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Food for Thought - Musings

In Spite Of


Again and again I hear it said from pulpits and in individual conversations that “God uses us in spite of our weaknesses and brokenness.” I have probably uttered these words myself. The fact is that this statement borders on being profound, it seems to communicate humility on our part, while at the same time stirring up feelings of gratitude for God’s grace, power, and mercy…all of which are good things. That being said, I wonder if it is true? By ‘true’ I do not mean, “Does the statement makes sense?” But rather, “Does it really express the heart of God”? Does it really express how God views us as we partner with God in the living out of our lives?

As a 20-something Christian, new to the faith, I would have never doubted the veracity of the ‘in spite of’ statement. But today, after years on the journey, something deep within me struggles with it.


As I look at the writings of Paul I notice that his emphasis is on who we are in Christ, not who we are not. Paul makes statements stating that “we are a new creation”; “We are God's workmanship in Christ Jesus”; “We are chosen”; “We are holy”. In Peter's writings we are called a royal priesthood and a holy nation. Neither of these writers focus on our weakness or brokenness but rather highlight who we are now as those forgiven and redeemed by God through Jesus Christ. In fact, in Philippians 4:13 Paul has the audacity to declare, “I can do all things through Christ who strengthens me.” Paul goes out of his way to communicate the radical reality of being ‘in Christ’. In Galatians 2:20, Paul writes, “It is not I who lives but Christ who lives within me.” These words speak of the profound unity of Christ and us while, in another passage, Paul speaks of the incredible power that resides within us through the indwelling of the Holy Spirit.


The ‘in spite of’ statement does not express the wonder of who we are as Christians. Further, I believe the ‘in spite of’ statement does a great deal of harm, for it belittles who we are in Christ, as well as what God has done in us. This, in turn, makes us doubt our ability to be used by God and causes us to hesitate to step out and act. The 'in spite of' statement does not convey the ongoing transformation that is taking place within us through the work of the Spirit. It does not express the heart of God, who sees us as a holy work of art, a chosen new creation, a unique one-of-a-kind masterpiece.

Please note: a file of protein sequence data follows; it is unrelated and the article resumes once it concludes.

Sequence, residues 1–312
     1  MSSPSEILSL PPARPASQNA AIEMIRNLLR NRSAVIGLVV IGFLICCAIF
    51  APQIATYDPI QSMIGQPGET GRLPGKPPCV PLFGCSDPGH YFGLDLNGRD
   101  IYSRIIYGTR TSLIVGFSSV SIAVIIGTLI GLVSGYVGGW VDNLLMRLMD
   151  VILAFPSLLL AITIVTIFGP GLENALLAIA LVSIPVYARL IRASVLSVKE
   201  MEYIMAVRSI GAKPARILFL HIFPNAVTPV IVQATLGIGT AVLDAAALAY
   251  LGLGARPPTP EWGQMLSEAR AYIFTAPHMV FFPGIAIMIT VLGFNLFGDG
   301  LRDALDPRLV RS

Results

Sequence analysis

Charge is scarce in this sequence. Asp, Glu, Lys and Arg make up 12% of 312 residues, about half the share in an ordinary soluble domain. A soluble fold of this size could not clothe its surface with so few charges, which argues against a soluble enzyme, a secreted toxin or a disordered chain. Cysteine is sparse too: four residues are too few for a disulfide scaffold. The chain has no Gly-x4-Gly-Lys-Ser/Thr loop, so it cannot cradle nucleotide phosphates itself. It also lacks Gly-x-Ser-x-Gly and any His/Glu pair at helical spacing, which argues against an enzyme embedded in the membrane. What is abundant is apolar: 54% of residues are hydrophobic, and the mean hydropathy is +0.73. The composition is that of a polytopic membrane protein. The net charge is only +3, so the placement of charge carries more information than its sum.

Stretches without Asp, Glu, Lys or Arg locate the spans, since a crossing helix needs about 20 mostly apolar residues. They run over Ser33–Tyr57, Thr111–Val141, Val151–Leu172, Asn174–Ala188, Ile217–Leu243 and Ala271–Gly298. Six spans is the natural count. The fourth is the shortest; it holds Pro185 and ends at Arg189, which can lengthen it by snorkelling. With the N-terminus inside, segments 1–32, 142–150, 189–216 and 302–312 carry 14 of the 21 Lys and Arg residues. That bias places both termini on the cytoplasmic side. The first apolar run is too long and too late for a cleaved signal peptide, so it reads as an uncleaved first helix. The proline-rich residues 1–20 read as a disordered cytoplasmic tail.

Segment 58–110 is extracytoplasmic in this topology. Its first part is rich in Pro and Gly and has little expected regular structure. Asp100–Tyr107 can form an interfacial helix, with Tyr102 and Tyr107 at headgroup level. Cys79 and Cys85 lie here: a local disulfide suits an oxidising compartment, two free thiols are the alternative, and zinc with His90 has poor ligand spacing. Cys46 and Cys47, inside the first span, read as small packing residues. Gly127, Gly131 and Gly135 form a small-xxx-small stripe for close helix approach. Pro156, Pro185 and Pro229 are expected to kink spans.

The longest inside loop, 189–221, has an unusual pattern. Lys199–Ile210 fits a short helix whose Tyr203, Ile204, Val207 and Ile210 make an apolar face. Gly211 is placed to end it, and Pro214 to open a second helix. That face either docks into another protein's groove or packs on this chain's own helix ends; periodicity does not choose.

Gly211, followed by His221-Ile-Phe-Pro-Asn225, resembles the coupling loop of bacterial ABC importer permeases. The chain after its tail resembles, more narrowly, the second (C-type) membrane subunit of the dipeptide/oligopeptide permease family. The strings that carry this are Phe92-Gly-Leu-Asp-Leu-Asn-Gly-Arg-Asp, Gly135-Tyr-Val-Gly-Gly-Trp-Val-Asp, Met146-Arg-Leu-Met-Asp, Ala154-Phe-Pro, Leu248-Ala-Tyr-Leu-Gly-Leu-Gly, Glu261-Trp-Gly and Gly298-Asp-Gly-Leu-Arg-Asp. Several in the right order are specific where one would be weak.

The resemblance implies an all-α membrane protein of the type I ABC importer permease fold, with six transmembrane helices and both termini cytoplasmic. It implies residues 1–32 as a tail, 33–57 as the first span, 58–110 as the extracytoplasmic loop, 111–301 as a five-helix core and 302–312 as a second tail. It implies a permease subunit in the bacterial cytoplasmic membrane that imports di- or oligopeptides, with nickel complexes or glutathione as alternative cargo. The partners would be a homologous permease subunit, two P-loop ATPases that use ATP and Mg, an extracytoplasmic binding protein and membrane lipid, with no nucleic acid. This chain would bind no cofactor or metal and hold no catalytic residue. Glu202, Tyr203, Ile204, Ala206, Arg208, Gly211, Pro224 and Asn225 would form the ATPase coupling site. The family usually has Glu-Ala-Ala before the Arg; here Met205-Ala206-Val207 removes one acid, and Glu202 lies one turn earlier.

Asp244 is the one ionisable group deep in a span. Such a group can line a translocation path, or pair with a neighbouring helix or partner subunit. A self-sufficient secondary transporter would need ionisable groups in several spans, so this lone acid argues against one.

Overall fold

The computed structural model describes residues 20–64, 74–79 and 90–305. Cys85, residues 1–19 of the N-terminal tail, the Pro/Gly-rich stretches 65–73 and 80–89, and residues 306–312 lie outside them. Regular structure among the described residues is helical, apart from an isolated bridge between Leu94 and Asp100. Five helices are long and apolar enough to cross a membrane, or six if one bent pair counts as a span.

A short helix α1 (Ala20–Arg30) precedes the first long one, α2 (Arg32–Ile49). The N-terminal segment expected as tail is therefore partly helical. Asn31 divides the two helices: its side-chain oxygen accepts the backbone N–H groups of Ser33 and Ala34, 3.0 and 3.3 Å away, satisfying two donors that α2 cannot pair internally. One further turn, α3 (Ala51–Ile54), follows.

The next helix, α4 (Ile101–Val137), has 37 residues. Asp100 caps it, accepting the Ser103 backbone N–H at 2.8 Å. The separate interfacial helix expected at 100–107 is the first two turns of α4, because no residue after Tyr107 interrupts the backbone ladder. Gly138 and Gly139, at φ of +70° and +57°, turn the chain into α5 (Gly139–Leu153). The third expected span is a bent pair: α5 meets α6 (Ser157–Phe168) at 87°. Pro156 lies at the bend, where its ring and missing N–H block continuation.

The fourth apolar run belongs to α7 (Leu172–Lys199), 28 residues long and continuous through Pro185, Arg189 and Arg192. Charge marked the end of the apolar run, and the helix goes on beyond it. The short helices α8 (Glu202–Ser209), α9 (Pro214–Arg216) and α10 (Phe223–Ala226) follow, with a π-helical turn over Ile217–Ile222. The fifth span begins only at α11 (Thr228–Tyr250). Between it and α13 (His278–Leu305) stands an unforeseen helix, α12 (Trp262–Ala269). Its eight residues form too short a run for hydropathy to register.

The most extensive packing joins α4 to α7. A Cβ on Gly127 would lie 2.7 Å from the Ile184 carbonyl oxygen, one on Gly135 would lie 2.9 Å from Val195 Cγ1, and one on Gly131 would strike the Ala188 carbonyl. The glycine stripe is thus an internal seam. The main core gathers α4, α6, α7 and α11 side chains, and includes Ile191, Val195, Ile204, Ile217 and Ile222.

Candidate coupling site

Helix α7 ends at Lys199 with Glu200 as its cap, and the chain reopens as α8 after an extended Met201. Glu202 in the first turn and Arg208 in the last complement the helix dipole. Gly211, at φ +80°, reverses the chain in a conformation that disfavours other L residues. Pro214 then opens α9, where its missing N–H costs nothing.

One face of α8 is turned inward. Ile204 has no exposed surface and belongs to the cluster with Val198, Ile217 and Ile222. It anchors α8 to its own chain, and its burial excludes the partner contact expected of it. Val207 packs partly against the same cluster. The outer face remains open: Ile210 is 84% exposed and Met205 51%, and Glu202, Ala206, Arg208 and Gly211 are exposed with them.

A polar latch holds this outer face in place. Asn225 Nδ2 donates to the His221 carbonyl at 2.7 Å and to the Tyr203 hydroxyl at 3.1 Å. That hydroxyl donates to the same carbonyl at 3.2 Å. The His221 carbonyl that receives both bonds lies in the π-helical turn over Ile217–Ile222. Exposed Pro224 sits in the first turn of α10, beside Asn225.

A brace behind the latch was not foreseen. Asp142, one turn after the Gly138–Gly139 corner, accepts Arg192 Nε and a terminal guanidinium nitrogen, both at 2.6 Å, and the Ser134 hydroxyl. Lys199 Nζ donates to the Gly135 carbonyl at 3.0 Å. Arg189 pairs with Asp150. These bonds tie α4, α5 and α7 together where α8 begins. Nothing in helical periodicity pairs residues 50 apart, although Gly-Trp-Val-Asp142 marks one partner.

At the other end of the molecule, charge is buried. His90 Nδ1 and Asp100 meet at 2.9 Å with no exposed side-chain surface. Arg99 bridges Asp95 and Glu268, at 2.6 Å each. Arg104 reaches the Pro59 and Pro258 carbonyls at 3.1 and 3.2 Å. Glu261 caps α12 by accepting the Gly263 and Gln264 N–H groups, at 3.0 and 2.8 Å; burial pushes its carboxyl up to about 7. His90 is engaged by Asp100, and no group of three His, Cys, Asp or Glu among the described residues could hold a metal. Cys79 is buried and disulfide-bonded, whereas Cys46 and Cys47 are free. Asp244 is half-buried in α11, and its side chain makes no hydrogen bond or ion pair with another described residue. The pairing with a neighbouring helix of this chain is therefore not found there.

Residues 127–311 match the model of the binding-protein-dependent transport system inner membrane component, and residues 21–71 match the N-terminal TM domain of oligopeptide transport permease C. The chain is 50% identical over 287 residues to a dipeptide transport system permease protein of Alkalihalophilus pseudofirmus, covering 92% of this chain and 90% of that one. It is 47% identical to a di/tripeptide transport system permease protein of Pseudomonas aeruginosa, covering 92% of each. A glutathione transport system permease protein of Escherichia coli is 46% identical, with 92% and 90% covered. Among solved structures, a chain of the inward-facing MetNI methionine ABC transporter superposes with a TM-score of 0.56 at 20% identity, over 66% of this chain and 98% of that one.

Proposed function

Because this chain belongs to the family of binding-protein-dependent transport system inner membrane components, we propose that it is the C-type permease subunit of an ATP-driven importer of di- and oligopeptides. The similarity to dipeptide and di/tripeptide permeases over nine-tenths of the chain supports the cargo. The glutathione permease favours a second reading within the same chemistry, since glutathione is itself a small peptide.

In light of how God sees us and feels towards us, I don't believe God, after partnering with us, would say, “I just want you to know I used you in spite of yourself”. Instead, I think God would say something along the lines of: “Well done, good and faithful one. You did an excellent job. Now enter fully into my joy for you”.


The ‘in spite of’ statement subtly communicates ‘a lack of’, rather than the life of abundance Christ provided for us through His death, resurrection, and the subsequent indwelling of God’s Spirit. I believe the ‘in spite of’ statement is in error and is dangerous. It causes us to look at ourselves and our lack (ala Moses), rather than looking at the amazing resources that are ours in and through Christ.

God is our parent, encouraging us to embrace and own who we truly are. God is one who celebrates us and rejoices in what we do together with Him and through Him. God’s desire is that we would remember that we are God’s child and that, together, nothing is impossible. God doesn’t use the ‘in spite of’ statement in regard to us because it does not communicate the wonder of who we are as God’s child, created in and through Christ Jesus.


Let us each seek to own the wonder of who we are in Christ…embracing and living out of the abundant resources that are ours in Christ through the indwelling of the Spirit, so that we too might utter with John the disciple, "I am the one Jesus loves" and affirm with Paul, " I am a new creation, the masterpiece of God crafted and transformed by love."


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